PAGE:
There’s been a lot of talk about clutter lately. The talk goes something like this: Clutter weighs you down. Clutter leads to hoarding. Clutter is bad. I look around my desk, around my writing area and examine my clutter. There’s the photo of my kids back when they were kids...twenty some years ago. There’s the photo of my dead pets...no longer demanding to be fed, or walked. There’s the big rock from Hecla, the red rock from Ukraine, and the pile of rocks from other beaches. There’s the matryoshka erasers that my daughter got me. There’s the now two-year-old Happy Retirement sign.
More photos plaster the walls...me with an old woman in Federofka, another of my mom with my youngest daughter, soccer shots of my son, drawings by my current science students, a red poppy oil painting by my dad. An old pole lamp, which should possibly go in the trash, but it comes from my parents’ rec room and reminds me of being a teenager downstairs, listening to old records. Newspaper clippings, quotes and a smattering of passwords dot my bulletin board like dandelions on a lawn. I could go on and on. My office, my ‘room of one’s own’, is a true compost heap of memories, dreams and meanderings. It’s where I do my writing and it’s as cluttered as my mind.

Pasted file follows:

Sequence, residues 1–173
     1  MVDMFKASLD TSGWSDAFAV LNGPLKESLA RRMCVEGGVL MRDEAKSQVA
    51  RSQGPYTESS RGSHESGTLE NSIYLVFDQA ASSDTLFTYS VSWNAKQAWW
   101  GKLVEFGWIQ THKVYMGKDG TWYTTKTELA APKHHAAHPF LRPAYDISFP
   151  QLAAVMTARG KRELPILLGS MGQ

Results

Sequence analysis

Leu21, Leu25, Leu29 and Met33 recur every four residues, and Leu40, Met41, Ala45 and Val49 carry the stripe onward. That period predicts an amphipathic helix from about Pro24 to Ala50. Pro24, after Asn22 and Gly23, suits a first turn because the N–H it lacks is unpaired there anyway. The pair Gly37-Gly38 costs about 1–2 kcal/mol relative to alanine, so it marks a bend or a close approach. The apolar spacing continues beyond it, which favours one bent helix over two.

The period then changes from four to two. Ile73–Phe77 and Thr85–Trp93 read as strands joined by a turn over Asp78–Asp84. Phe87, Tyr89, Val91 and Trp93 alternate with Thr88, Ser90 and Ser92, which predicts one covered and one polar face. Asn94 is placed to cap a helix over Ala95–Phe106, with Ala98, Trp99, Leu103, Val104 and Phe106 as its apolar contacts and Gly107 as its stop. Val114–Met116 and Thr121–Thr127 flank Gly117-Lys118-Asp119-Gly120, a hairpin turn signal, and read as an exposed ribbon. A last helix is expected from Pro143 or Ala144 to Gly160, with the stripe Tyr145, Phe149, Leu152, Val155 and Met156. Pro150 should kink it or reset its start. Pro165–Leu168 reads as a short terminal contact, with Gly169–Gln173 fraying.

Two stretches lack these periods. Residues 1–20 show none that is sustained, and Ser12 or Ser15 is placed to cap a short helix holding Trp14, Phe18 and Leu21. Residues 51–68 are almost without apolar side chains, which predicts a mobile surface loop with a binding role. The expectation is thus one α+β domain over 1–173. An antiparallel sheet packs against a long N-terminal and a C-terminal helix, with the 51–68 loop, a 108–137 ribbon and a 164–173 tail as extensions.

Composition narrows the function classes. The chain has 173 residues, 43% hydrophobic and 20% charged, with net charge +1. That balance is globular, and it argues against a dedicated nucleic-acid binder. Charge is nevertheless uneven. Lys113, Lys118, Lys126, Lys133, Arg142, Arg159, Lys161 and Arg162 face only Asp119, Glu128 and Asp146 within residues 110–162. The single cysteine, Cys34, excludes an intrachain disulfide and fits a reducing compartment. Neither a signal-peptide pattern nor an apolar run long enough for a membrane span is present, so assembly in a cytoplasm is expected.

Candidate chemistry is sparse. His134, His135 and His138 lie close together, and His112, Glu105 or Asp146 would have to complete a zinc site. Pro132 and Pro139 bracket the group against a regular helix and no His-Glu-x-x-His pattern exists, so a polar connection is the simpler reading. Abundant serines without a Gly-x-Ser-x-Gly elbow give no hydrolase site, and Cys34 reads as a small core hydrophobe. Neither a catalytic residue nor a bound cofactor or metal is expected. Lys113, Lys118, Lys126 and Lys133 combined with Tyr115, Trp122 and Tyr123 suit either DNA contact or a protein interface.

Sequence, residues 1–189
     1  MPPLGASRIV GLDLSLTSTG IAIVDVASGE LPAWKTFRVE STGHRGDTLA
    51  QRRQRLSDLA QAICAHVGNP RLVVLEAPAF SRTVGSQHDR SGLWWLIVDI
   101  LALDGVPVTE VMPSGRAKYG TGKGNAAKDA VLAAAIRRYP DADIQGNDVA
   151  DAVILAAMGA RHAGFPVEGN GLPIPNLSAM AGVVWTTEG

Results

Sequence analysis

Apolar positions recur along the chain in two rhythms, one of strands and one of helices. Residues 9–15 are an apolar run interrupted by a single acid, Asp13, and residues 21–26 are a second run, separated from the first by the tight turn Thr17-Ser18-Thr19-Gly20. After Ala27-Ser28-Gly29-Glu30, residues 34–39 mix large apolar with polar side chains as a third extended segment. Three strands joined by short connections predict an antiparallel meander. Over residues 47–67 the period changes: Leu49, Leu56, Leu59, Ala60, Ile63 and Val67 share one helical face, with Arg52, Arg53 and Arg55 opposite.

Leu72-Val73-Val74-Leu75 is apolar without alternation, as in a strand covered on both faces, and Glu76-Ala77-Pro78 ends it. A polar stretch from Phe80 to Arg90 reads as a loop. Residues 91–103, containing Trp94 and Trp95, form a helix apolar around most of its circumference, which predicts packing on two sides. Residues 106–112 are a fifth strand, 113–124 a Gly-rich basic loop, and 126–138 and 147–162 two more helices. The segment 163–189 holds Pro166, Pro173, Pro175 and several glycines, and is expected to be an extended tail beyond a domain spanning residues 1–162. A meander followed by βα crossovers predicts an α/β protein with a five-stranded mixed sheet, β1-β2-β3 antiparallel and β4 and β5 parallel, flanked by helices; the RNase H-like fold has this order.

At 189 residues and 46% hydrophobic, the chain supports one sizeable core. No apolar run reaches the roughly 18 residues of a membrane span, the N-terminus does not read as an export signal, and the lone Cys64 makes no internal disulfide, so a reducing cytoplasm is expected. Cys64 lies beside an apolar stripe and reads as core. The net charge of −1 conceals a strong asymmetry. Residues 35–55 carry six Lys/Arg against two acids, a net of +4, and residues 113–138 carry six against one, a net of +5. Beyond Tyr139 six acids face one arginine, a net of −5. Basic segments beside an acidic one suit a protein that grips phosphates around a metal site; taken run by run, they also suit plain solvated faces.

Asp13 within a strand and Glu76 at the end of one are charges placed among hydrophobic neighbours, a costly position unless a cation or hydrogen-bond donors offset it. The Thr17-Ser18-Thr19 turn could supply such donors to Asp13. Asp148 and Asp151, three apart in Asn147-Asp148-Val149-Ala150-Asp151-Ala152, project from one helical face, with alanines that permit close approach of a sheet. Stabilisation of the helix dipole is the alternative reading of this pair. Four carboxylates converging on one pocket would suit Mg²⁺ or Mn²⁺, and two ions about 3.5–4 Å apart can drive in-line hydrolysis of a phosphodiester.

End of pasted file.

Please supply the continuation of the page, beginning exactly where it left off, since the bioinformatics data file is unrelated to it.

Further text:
A writer is a great recycler, re-user and in the end...reducer. We recycle a jumble of moments and emotions into narrative. We reduce the compost pile of life into story. My ‘room of one’s own’ will never look like a hotel room and that’s okay. I’m a writer, I roll around in clutter like a happy pig. And with that pleasant image, I must turn to some revising...or maybe re-composting.
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